This is part two of a feature on Jason Johnson Racing from the March issue of Sprint Car & Midget Magazine. To read part one, click here.
No one would have blamed Bobbi Johnson if she just drifted away from racing in the wake of her husband, Jason Johnson’s, death behind the wheel.
However, the problem was twofold. Racing is what the Johnsons did for a living and, more to the point, it was in her soul.
Beyond that, she wasn’t the only one impacted by this stunning turn of events. Not only was Philip Dietz Jason’s crew chief, he was also his cousin.
Dietz was unsure what his next move should be.
“It was tough,” he says. “I grew up racing with him. You know that racing is dangerous, and there is always that chance in the back of your mind that he could get hurt, but I would have never dreamed that it could be that bad. When we lost him, it was a huge reality check. It made it difficult to go back to the race track and hear the engines again and smell the fumes knowing that he was gone.
“For a while I even debated staying in racing. I considered getting a real job and stepping away. I didn’t know if that was my calling or if that was what I was meant to do. Maybe it was time to do something different for once. But after talking with some of our sponsors they made it clear that we had their support. If we chose to keep the team going, they were going to do everything they could to be sure we were financially safe. I guess deep down in my heart I felt it was the right thing to do for the team.
“I thought it was what Jason would have wanted me to do.”
As hard as it was to face, the stark reality was they needed a driver. Way out west, Carson Macedo was aching for a chance to race at Knoxville and he was searching every available avenue.
Macedo leaned on Jason Meyers, who he knew had been tight with Jason and Bobbi Johnson. Meanwhile, Bobbi had decided the best medicine possible was for the team to get their act together and compete at Knoxville.
With Meyers in his corner, a conversation between Macedo and Dietz pushed the dream forward.
The first time Macedo sat in the JJR sprint car, and the first time the team returned to action, was the second night of the 2018 360 Nationals at Knoxville. To say their emotions were on overdrive would be a vast understatement.
Dietz knew what he had to do. It was time to push everything to the side and focus on properly preparing his race car. When one has an analytical mind, they like to keep the unknowns to a minimum.
“You never know what to expect when you are working with someone for the first time,” Dietz said. “But I felt very confident in our race car and I felt very confident going into Knoxville where we have had some success in the past. Things were extremely difficult since we were racing for the first time since Jason’s accident, and all those emotions going into it were really challenging.
“I felt Carson was just a great fit for our team. He has a great personality, gets along with everyone, and the sponsors instantly fell in love with him. It made it really welcoming for him. When we first rolled on the track, I thought our car balance was really good and it made it easier to fine tune it throughout the week.”
Everybody was pulling for them and, in the end, it proved to be a career-changing time for Macedo.
All the team needed to buoy their spirits was a reasonably good showing. Carson did a whole lot better than that. He went out and won. There were few dry eyes in the house.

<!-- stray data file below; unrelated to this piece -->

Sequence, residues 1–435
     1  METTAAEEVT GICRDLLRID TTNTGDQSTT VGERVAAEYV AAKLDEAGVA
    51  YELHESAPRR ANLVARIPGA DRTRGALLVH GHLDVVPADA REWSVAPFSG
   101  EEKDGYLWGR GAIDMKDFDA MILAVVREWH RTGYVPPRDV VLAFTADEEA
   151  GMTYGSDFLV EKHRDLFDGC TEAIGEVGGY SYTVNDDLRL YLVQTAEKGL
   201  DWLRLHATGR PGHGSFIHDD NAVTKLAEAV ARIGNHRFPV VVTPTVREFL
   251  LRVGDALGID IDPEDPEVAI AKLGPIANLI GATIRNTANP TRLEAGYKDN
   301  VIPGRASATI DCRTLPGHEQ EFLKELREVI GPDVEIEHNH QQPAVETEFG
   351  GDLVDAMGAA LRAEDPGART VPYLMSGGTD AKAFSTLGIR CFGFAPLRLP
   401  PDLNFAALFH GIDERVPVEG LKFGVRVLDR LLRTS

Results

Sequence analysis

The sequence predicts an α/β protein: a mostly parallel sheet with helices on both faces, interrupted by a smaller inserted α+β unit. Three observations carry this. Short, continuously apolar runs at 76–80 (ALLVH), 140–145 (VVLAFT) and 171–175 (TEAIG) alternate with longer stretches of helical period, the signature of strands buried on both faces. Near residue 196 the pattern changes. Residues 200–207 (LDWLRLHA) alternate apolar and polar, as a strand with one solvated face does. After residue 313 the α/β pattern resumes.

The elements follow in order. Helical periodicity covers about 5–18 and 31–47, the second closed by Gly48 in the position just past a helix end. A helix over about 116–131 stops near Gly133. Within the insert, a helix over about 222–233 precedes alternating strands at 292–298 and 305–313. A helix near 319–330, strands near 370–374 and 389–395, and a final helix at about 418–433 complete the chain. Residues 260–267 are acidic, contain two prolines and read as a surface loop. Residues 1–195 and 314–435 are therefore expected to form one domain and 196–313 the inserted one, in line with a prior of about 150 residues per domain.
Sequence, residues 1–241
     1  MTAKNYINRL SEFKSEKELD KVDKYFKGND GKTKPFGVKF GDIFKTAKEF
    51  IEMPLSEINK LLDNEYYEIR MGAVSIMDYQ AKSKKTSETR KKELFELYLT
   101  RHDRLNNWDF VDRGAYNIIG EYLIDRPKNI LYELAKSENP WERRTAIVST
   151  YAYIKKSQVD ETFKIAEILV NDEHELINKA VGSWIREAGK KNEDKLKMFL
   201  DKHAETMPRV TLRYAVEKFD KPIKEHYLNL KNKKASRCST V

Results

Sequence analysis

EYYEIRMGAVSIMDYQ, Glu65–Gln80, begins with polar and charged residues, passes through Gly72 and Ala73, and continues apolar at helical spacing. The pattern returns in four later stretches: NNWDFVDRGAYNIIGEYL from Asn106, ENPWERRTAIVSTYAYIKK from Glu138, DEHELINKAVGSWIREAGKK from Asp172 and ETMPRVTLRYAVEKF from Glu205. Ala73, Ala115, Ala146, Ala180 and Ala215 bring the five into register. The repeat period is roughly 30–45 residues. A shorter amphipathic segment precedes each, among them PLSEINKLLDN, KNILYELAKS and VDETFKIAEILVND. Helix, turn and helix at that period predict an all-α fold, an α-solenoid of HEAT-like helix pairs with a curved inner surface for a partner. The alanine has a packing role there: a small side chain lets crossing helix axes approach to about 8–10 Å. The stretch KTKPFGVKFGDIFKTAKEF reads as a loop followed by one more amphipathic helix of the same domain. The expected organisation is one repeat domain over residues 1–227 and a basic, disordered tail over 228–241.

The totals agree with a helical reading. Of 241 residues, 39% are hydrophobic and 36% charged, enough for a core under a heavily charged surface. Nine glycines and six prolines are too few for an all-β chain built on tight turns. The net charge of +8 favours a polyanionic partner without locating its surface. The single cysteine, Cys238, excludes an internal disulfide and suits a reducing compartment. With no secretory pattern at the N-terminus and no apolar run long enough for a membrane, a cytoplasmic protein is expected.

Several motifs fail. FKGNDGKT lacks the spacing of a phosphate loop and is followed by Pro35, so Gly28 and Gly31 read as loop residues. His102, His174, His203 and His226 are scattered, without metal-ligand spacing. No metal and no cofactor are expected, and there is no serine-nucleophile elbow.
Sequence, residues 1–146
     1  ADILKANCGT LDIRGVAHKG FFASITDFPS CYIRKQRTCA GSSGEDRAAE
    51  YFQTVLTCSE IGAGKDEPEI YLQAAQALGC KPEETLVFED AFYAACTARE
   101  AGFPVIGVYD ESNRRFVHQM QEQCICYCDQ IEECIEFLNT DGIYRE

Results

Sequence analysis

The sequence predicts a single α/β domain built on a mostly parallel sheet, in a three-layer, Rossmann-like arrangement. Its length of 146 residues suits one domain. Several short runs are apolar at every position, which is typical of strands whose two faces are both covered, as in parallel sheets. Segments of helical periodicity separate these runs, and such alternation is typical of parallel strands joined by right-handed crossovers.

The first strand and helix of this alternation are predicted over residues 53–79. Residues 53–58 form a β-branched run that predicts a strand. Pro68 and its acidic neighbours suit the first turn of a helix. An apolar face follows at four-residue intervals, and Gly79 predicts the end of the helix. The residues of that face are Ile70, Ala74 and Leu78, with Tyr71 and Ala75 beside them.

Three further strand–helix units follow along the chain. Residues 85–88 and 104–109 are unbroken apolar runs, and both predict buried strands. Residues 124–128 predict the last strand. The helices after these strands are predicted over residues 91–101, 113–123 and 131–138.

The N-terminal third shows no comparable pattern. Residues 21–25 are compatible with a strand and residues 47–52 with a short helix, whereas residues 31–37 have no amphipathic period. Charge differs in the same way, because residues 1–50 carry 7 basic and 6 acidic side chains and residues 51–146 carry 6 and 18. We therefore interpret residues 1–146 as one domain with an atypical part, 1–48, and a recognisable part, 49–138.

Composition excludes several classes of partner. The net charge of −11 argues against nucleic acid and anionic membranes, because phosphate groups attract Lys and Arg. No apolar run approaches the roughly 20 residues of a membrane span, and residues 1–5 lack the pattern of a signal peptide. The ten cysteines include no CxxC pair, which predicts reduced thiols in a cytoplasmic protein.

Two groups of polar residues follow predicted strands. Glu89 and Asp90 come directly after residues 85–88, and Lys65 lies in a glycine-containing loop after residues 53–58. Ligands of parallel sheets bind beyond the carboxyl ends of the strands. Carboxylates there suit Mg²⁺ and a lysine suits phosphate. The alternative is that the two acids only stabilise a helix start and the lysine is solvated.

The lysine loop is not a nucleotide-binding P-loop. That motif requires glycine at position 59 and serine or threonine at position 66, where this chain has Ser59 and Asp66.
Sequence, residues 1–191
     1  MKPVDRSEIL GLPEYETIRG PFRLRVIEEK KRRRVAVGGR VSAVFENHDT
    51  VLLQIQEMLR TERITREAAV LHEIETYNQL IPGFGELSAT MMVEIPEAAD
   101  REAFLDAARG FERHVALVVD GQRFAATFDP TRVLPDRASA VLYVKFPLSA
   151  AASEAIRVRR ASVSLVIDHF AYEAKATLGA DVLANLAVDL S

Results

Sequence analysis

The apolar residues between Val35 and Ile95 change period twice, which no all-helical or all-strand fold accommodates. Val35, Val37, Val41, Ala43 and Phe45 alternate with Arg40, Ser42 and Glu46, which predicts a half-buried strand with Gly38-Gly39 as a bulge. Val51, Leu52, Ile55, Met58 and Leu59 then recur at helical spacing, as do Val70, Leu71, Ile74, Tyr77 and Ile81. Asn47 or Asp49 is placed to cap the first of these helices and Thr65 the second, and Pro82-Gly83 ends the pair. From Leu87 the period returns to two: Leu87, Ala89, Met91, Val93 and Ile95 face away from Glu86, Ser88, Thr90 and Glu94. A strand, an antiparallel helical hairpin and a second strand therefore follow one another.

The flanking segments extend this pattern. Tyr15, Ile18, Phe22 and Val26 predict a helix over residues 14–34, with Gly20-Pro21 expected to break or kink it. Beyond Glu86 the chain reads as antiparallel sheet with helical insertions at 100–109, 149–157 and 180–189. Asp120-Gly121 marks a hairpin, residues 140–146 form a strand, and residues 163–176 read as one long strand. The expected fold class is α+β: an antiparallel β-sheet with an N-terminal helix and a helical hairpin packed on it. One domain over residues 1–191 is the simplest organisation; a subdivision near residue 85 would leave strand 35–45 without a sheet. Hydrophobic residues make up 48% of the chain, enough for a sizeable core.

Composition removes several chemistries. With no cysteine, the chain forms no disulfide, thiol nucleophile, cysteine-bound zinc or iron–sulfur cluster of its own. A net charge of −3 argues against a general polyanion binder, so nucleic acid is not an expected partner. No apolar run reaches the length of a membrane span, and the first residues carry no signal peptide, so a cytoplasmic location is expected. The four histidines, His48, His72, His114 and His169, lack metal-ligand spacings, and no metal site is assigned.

It wasn’t a fluke. He finished second in the 360 Nationals finale to Terry McCarl, won the Ultimate Challenge at Oskaloosa piloting Tony Stewart’s car, and then reunited with Jason Johnson Racing at the Knoxville Nationals.
Carson was the fast-qualifier on the second night and easily qualified for Saturday’s main event. From there he notched a sixth-place finish in the granddaddy of them all. For his work over all of these high-profile events, Macedo earned the Jesse Hockett Mr. Sprint Car title.
As important as his individual accomplishment was, the impact went far beyond him.
Thinking back to that pivotal time, where the survival of the team hung in the balance, Dietz said, “We made that jump. When we were able to put something together and have success with Carson right away, we knew that it was meant to be. We were meant to keep this team going.”
Keeping the team going meant securing the services of a driver for 2019, and the logical choice was Macedo. But there was one small problem.
“By June of 2018, I had already done a deal with KLR (Kyle Larson Racing) at Ohio Speedweek to race with them on the Outlaw tour in 2019,” Macedo revealed. “But if I had not made that commitment, I would have driven for JJR. Our few races together we clicked really well, but it was one of those deals where I am a man of my word. At the time I ran the JJR car in August I really couldn’t tell anyone about my deal, it was kind of a secret. They (JJR) approached me about 2019 and it was really hard.”
Johnson and Dietz weren’t totally caught off guard, because they had heard whispers about Macedo’s destination.
What softened the blow was that the team landed solidly on their feet. In 2018 David Gravel had posted five Outlaws wins and finished third in the final standings. To get a driver of that caliber in the fold was uplifting.
Everyone dusted themselves off and recommitted to keeping JJR alive.
“David was a great fit too,” Dietz said. “And we were really excited to pick him up at the end of 2018. It didn’t take us very long to figure out where we needed to be with our cars. I felt our communication was good too. He’s a great guy and comes with a great family, and that fits well with our team, because we have always been family oriented.”
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